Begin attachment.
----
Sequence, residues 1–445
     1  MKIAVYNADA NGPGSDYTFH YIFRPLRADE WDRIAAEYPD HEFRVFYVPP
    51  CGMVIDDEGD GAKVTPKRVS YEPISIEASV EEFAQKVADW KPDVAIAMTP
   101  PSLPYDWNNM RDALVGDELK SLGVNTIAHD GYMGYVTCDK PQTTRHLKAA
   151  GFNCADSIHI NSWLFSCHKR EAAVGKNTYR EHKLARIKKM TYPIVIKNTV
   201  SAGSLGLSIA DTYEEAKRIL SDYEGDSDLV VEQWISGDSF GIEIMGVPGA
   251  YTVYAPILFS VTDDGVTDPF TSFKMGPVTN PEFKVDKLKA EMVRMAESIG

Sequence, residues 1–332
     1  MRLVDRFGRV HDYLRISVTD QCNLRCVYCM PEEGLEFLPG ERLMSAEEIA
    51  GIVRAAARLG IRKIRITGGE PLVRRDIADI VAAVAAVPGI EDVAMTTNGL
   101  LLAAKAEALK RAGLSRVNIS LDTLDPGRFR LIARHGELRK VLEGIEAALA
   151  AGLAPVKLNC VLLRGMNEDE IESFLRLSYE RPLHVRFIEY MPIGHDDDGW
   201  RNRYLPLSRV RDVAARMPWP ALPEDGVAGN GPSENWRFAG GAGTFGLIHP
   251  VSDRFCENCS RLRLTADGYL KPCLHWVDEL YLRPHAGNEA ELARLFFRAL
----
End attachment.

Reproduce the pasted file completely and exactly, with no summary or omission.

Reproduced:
Sequence, residues 1–445
     1  MKIAVYNADA NGPGSDYTFH YIFRPLRADE WDRIAAEYPD HEFRVFYVPP
    51  CGMVIDDEGD GAKVTPKRVS YEPISIEASV EEFAQKVADW KPDVAIAMTP
   101  PSLPYDWNNM RDALVGDELK SLGVNTIAHD GYMGYVTCDK PQTTRHLKAA
   151  GFNCADSIHI NSWLFSCHKR EAAVGKNTYR EHKLARIKKM TYPIVIKNTV
   201  SAGSLGLSIA DTYEEAKRIL SDYEGDSDLV VEQWISGDSF GIEIMGVPGA
   251  YTVYAPILFS VTDDGVTDPF TSFKMGPVTN PEFKVDKLKA EMVRMAESIG

Sequence, residues 1–332
     1  MRLVDRFGRV HDYLRISVTD QCNLRCVYCM PEEGLEFLPG ERLMSAEEIA
    51  GIVRAAARLG IRKIRITGGE PLVRRDIADI VAAVAAVPGI EDVAMTTNGL
   101  LLAAKAEALK RAGLSRVNIS LDTLDPGRFR LIARHGELRK VLEGIEAALA
   151  AGLAPVKLNC VLLRGMNEDE IESFLRLSYE RPLHVRFIEY MPIGHDDDGW
   201  RNRYLPLSRV RDVAARMPWP ALPEDGVAGN GPSENWRFAG GAGTFGLIHP
   251  VSDRFCENCS RLRLTADGYL KPCLHWVDEL YLRPHAGNEA ELARLFFRAL